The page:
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Happy Tails at the Health Library

By From page B2 | July 29, 2013

Bryson Fiterre, 4 11/12 years old, doesn’t read yet, but he knows how to turn the pages of a book for Joaquin. Joaquin, for his part, is in listening mode, eyes closed and flopped over on his side as Jennifer Fiterre, Bryson’s mother, reads aloud.

The combination of kids, dogs and books isn’t new in El Dorado County, but the place that combination comes together once a month, is. The Marshall Community Health Library in Cameron Park recently added a new program, “Happy Tails,” on the fourth Thursday of each month, from 3:30 to 4:30 p.m.

Thursday, June 27, was the first “Tails of Health” and an Alaskan Malamute, Alex, and  a German shepherd, Joaquin, were the guests of honor.

Both dogs are specially trained American Kennel Club therapy dogs. Joaquin, 7, also has international status as a therapy dog.

“He was born in Sweden and he is so sweet and well-trained,” said owner and trainer Violet Jakaba, who recently acquired Joaquin’s brother, also.

Alex, 12, a former champion on the dog show circuit, with a title for weight pulling and sled pulling, has been a Hangtown Kennel Club AKC therapy dog for five or six years, according to owner and trainer Chuck Wilson.

Haley, 11, and Bryson Fiterre signed up for the reading hour and excitedly brought their own books to share with the dogs. The health library has plenty of children’s books for kids to read.

“That’s part of the reason we wanted to do this program, “said Alison Clement, librarian for the Health Library. “We wanted children and their parents to know that we have all kinds of books for children here.”

Some of the books are regular picture books found in many libraries but many of them are special books — ones that address health and social issues and difficult subjects at a child’s level of understanding.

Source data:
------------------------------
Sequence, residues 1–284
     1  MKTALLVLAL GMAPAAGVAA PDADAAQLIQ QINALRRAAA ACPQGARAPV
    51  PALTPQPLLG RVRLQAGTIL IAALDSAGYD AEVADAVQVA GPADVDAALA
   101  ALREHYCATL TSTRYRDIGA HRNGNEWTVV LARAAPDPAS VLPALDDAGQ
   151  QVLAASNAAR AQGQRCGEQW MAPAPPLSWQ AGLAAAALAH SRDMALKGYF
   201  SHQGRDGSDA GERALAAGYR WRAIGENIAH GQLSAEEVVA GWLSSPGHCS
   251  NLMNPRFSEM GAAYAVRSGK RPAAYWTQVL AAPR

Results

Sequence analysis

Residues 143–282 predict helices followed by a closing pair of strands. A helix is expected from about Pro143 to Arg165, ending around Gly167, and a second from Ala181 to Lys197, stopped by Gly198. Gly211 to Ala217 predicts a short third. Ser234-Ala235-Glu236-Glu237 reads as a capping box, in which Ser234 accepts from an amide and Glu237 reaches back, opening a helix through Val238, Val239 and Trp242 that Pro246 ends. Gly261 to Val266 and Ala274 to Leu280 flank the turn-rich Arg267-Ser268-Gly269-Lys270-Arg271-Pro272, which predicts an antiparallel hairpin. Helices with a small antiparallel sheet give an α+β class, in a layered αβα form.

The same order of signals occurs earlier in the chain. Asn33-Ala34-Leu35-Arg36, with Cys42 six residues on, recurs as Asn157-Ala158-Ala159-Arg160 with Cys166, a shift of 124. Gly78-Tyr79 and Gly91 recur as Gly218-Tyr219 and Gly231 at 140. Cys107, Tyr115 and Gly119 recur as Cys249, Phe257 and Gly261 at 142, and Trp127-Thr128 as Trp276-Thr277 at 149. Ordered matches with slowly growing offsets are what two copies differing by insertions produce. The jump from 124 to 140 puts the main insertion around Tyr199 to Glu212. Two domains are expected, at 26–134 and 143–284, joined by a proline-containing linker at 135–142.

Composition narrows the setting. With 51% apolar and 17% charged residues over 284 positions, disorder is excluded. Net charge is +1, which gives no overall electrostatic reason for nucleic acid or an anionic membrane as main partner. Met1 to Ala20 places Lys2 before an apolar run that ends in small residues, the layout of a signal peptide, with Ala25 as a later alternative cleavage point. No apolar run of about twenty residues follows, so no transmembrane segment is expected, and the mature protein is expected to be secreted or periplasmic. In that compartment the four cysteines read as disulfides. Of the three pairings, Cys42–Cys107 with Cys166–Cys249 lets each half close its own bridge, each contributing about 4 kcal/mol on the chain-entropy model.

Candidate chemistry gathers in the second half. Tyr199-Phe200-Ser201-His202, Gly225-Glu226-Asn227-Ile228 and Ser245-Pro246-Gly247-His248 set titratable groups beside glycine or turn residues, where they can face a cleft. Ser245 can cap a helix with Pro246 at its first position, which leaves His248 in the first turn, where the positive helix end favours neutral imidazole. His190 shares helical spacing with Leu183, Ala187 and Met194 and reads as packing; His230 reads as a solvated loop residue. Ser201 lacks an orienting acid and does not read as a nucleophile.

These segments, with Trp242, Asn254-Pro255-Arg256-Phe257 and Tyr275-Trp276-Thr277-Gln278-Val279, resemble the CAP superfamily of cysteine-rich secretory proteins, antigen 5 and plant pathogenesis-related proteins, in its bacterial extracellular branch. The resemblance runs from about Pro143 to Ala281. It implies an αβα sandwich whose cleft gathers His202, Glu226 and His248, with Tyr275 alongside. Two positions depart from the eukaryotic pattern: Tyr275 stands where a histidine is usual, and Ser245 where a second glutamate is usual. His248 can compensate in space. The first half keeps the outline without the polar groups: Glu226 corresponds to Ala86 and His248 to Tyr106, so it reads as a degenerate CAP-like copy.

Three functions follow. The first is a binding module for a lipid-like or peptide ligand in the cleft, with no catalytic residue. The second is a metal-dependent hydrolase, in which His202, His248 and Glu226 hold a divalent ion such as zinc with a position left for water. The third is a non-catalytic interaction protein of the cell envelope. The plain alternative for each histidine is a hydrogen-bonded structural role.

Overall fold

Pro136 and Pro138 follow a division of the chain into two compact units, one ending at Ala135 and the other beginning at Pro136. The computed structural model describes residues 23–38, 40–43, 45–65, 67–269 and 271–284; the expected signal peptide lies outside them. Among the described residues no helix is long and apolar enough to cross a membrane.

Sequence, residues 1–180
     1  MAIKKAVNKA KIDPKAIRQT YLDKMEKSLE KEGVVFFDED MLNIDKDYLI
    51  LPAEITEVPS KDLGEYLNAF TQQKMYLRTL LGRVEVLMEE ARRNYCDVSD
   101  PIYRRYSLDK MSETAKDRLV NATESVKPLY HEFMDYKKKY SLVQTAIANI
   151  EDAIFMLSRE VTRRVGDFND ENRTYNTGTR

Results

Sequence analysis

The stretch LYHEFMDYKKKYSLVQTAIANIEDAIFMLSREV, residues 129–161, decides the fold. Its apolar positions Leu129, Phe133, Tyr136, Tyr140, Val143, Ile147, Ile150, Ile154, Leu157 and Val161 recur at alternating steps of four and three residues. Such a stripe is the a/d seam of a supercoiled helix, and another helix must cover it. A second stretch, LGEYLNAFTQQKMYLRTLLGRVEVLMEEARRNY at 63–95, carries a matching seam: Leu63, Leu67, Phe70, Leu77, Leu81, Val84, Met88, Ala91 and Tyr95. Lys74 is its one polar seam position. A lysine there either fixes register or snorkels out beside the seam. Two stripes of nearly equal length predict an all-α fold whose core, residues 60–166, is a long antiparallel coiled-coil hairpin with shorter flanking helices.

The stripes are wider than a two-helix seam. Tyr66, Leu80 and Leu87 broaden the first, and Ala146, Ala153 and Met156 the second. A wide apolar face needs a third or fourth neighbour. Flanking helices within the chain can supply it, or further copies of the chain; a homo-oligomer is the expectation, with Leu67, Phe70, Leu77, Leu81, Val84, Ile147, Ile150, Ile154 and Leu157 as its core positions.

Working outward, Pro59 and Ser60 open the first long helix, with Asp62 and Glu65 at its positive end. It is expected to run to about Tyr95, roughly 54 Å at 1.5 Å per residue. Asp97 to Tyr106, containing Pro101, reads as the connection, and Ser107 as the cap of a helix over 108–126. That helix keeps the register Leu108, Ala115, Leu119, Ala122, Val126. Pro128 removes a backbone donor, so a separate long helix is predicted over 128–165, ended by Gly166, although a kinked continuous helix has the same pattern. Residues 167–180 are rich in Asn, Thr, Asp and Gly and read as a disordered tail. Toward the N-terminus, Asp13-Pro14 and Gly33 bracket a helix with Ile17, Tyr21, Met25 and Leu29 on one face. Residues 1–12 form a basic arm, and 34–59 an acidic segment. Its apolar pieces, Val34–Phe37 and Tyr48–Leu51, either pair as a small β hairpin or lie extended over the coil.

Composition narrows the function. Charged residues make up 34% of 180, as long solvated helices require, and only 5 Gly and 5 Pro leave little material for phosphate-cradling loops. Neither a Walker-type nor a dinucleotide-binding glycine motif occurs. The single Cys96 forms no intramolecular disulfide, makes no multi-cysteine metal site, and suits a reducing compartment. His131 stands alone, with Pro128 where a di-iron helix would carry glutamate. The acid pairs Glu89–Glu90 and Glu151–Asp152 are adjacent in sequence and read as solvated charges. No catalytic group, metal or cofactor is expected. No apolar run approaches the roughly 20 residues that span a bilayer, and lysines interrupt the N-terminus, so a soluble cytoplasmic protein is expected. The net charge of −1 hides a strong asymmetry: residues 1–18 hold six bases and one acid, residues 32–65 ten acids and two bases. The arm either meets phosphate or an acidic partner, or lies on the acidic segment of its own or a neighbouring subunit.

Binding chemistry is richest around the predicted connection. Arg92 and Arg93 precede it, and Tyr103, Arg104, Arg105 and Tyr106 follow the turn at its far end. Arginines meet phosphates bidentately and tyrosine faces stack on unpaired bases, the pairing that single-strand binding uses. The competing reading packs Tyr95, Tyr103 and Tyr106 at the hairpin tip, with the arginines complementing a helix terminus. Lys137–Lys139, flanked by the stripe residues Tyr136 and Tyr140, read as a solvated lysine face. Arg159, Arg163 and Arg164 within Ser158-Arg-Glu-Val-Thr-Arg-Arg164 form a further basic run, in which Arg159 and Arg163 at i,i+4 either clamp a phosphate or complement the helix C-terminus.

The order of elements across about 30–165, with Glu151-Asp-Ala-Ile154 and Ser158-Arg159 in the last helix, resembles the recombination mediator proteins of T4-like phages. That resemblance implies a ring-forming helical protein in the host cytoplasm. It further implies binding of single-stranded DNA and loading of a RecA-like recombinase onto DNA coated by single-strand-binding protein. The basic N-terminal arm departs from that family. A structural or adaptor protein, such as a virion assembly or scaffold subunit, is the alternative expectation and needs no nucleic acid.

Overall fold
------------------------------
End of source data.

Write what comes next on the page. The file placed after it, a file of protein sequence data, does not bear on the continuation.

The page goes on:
“Allie the Allergic Elephant” explains about living with allergies; “No Bigger than my Teddy Bear” is about a new baby in the family and “Always and Forever” deals with a death in the family.

Other books deal with bullying, having an ill parent, juvenile diabetes, obesity and many other subjects.

“We know that reading with dogs is beneficial for children and it is very popular at our county libraries,” said Clement. “Some of the Hangtown Kennel Club AKC therapy dogs visit patients in the Transition Unit at Marshall and we decided to make the most of our connections. Children get to boost their confidence in their reading ability in a quiet, positive space and enjoy interaction with friendly dogs … the dogs also thrive on the interaction.”

Parents who want to visit the Health Library to do research on health topics or social issues can browse while their children are happily occupied in the children’s section right next to them, with or without the dogs.

“We also put the books on parenting next to the children’s section when we planned the library,” said Clement.

The kids spend a lot of time just hugging and petting the dogs.

Haley, reads “Ten Ladybugs” to Alex who listens with a smile on his furry face, before switching to a comic book.

Bryson decided that Joaquin was trustworthy enough to share his stuffed dinosaur with. The German shepherd responded by laying a massive paw on the boy’s tiny shoe.

Debra Kelley of the Hangtown Kennel Club  coordinates Marshall’s dog programs with her own yellow lab, Lucy, Dharma the dalmatian, corgis Parker and Posy, and Alex and Joaquin.

“All of the dogs have passed the AKC Canine Good Citizen evaluation and are well-trained,” said Kelley.

To sign your child up for the next fourth Thursday “Happy Tails” call the Health Library at 530-626-2778 or visit the library at 3581 Palmer Drive, Suite 101 in Cameron Park.

Contact Wendy Schultz at 530 344-5069 or [email protected] Follow @wschultzMtDemo on Twitter.

 

Wendy Schultz

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